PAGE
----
An adamant federal government on Friday stood its ground in the face of a lingering constitutional void in Balochistan – and questioned the right of the apex court to term the provincial government a failure, or, for that matter, send the set-up packing through an order.
On Wednesday, the Supreme Court had questioned the Balochistan government’s constitutional status given the court’s interim order that held that the current set-up had failed in its primary constitutional duty – protecting the lives and property of its citizens – and hence had lost its authority to govern the province. In light of the ruling and remarks, the Balochistan government was said to be at the brink of dismissal – with the possibility of governor rule or some other drastic step being talked and speculated about.
But, on Friday, the federal government, in a written reply, questioned the legitimacy of the apex court’s ruling.
“It is only the federal government who is competent and has the requisite jurisdiction to decide what is in the best interest of the province,” said the reply submitted by Interior Secretary Khwaja Sadiq Akbar and read out by Attorney-General Irfan Qadir.
It also questioned if the court was stepping into the president’s jurisdiction.
“Question arises once the court pronounces the provincial government a failure and having lost its constitutional right to govern, does it mean that court is proclaiming an emergency as envisaged under Article 232 which is solely vested in the discretion and satisfaction of the president and does not rest with any other person or forum.
“Determination of the legitimacy of a provincial government is again a domain which has been clearly defined in articles 232 and 234 of the Constitution and by virtue of which, president is the sole authority to decide the mode and manner which shall be adopted to dispose of the issue pertaining to discharge of duty by a provincial government. This right is absolute and lies only with the president and nobody else.”
The two-member bench headed by Chief Justice Iftikhar Muhammad Chaudhry, however, remained unimpressed.
The bench maintained the reply did not address the court’s concerns over the security situation in the restive province. Standing by its interim order of October 12, which said the provincial government had failed, the court granted the federal government more time to implement the six-point agenda presented by the latter to counter unrest.
The federal government argued that “political considerations should weigh heavily” before arriving at a decision regarding the disposal of a provincial government.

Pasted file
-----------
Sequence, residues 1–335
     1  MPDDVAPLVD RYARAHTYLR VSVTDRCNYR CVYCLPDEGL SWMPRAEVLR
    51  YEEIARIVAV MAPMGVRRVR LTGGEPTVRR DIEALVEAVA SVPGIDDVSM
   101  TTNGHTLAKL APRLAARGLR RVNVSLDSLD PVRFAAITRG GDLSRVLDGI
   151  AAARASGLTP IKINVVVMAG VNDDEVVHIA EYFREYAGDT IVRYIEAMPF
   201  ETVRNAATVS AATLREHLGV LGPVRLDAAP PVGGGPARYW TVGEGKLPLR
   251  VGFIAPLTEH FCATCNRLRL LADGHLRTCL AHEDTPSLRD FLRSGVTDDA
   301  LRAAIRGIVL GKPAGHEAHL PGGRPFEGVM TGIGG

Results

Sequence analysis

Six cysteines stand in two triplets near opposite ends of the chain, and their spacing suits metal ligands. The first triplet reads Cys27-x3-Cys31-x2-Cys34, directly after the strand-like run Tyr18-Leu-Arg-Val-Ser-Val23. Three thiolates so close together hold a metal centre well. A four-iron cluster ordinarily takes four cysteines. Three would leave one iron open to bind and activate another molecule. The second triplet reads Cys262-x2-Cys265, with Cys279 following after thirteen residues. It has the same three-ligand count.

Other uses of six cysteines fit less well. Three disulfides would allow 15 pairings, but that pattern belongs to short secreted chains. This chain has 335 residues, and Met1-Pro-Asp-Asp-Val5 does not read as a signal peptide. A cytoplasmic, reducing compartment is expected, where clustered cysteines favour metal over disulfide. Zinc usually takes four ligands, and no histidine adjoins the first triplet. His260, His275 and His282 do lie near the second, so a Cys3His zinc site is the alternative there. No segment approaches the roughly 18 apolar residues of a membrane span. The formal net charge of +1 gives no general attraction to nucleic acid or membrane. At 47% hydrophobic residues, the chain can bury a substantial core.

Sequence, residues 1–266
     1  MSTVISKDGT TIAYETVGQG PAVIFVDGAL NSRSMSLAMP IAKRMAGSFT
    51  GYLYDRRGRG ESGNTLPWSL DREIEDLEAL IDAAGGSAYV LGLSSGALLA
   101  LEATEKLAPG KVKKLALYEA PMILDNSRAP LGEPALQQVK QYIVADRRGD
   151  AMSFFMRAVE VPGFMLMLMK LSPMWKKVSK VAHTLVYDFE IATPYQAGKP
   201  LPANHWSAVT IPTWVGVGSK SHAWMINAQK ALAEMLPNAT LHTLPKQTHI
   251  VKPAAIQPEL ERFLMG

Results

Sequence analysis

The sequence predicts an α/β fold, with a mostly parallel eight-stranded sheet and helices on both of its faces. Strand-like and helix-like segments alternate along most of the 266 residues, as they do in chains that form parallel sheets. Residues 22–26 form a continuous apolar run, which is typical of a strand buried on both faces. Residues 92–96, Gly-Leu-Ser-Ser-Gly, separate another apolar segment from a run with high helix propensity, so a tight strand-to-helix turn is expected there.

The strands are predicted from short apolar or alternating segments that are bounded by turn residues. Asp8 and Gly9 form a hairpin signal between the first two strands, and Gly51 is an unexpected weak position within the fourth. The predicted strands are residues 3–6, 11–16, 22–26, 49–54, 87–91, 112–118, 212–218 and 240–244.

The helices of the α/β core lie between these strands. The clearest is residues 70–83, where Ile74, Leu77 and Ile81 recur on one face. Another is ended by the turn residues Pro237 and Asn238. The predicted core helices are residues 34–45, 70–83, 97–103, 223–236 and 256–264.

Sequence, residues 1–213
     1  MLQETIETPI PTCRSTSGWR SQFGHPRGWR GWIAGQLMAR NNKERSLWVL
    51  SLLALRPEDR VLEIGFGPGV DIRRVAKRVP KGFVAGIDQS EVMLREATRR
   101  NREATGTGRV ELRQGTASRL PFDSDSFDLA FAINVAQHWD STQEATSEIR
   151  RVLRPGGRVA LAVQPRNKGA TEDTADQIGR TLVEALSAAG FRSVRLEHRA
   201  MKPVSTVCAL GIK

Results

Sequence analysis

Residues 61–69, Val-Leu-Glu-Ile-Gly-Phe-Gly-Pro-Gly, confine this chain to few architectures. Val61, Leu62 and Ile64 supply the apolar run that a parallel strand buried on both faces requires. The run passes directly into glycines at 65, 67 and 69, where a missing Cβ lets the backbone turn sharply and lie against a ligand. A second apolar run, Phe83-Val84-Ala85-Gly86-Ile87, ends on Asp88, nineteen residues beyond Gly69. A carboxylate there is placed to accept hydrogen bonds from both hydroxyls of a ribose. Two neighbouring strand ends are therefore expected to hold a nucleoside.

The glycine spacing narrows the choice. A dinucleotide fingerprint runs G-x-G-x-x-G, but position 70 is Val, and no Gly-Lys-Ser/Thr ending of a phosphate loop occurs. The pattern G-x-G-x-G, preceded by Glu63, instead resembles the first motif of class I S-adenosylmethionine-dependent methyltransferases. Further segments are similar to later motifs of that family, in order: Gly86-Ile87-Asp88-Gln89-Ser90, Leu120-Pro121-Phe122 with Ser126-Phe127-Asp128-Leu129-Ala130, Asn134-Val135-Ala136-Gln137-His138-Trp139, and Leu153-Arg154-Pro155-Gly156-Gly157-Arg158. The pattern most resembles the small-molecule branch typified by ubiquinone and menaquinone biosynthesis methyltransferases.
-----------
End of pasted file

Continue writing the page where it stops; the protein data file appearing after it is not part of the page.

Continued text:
“Government would not like to taint or tarnish its fair image by invoking its powers to pack up a provincial government and send it home on a limited local issue of discontentment and dissatisfaction of some so called nationalist elements who hold divergent views best suited to their interests,” stated the written reply.
Interior Minister Rehman Malik blamed organisations such as the Balochistan Liberation Army and Jandullah for the deteriorating law and order situation, but the court shot back asking him to present evidence or reveal the name of single person arrested by the authorities in this regard.
The interior ministry’s reply cited the example of Indian states like Kashmir, East Punjab, Assam and Mizoram, which were plagued by armed insurgencies and partial breakdown of the government machinery for years.
“Still, democracy and successive elections afforded the people and the government a good chance to overcome their difficulties and defeat the militants with political process which was allowed to continue unhindered, undisturbed, compromised or violated.”
Unmoved, Justice Chaudhry still argued lack of good governance was the root of the issue. “Is there a bigger injustice than the chief minister’s own nephew being killed?”
The chief justice censured Malik for sitting in Islamabad thinking everything is fine.
Balochistan Chief Minister Nawab Aslam Raisani made his appearance in the court flanked by coalition partners. And the government’s legal team put up an aggressive defence.
The attorney-general and advocate-general of Balochistan both argued the court’s order regarding the failure of the provincial government was incorrect.
Attorney-General Irfan Qadir maintained the court had “transgressed its limits.” Justice Chaudhry said the court had ordered provincial elections to improve the law and order situation. Advocate-General Amanullah Kanrani maintained elections were only two months away and the assemblies were about to complete their term for the first time.
The case has been adjourned till November 20.
Published in The Express Tribune, November 3rd, 2012.